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Wellesley subdivision to proceed; council backs revised plan

After rejecting a developer’s bid to build 48 homes in Wellesley Village near Ferris Drive, Schweitzer Crescent, and Greenwood Hill Road in October, Wellesley council accepted a revised proposal Monday night.

Council voted 4-1 in favour of supporting the changes and directed township staff to prepare the necessary documents for a settlement of an appeal to the Ontario Municipal Board launched by the developer following the original rejection of the plan.

If council had chosen to defend their original decision it would have cost them an estimated $40,000 for a three-day hearing. The costs would have been non-recoverable.

Coun. Shelley Wagner was opposed to council’s decision.

“When we didn’t approve this the first time, we didn’t approve it because we wanted to see another option for this land or to have the current plan changed,” Wagner said. “ All I have to say is I don’t think they’ve come back with a good enough plan.”

Township planner Geoff Vanderbaaren said council could only discuss the motion in open council, not the details of the development proposal.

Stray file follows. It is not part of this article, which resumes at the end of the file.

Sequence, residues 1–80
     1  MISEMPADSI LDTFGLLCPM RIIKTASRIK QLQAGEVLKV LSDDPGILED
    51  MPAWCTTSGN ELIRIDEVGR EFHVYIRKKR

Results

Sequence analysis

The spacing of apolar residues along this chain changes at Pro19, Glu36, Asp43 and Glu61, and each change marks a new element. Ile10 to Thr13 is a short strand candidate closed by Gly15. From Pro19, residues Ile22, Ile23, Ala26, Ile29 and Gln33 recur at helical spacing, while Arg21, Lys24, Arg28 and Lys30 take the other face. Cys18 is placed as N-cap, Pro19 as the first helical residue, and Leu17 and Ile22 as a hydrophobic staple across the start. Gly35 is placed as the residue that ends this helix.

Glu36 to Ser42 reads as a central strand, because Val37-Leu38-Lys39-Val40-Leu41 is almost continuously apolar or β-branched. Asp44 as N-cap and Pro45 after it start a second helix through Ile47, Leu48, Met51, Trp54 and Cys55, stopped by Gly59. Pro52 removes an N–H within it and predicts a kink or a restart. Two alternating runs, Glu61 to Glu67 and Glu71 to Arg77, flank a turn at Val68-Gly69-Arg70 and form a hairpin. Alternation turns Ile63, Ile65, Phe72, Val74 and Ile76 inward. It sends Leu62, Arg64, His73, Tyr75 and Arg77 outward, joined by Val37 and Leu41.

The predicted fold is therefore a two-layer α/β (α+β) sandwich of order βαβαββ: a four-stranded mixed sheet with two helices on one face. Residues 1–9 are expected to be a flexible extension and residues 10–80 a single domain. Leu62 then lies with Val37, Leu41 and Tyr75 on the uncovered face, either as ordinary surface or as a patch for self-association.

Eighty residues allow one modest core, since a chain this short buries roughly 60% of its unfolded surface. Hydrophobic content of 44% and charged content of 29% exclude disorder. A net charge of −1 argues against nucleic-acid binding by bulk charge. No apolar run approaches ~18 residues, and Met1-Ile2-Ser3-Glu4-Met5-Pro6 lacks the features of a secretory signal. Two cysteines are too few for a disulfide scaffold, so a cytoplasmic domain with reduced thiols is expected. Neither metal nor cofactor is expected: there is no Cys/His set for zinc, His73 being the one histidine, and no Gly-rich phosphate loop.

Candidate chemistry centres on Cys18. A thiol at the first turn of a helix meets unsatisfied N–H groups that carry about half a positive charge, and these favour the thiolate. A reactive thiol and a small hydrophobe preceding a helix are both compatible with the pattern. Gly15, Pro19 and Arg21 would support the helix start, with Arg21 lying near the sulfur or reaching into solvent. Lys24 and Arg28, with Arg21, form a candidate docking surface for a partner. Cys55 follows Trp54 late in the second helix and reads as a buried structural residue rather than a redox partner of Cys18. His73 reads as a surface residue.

The original proposal was to build 48 houses, including three single-family homes, 32 semis, and 13 townhomes. A group of concerned residents were at the October meeting arguing for this development not to go through due to that neighborhood already being densely populated. Resident Andrew Brenner noted at that meeting that two of his three children at Wellesley Public School are taught out of portables due to overpopulation.

Former mayor Ross Kelterborn had proposed a nursing home be built on the 2.5 hectares of land, but the township is unable to decide that as they don’t own the property.

The proposal was originally brought to council in June but was deferred after some 50 Wellesley residents came out to show their disapproval at council. Aside from overpopulation, there were safety, noise, and traffic concerns they wanted to see addressed.

The land is zoned as institutional right now, which means it can only be used for a cemetery, church, daycare centre, library, school, public or private clinic, nursing home or rest home, public utility facilities, and services, or a community centre. It would be rezoned to urban-residential.

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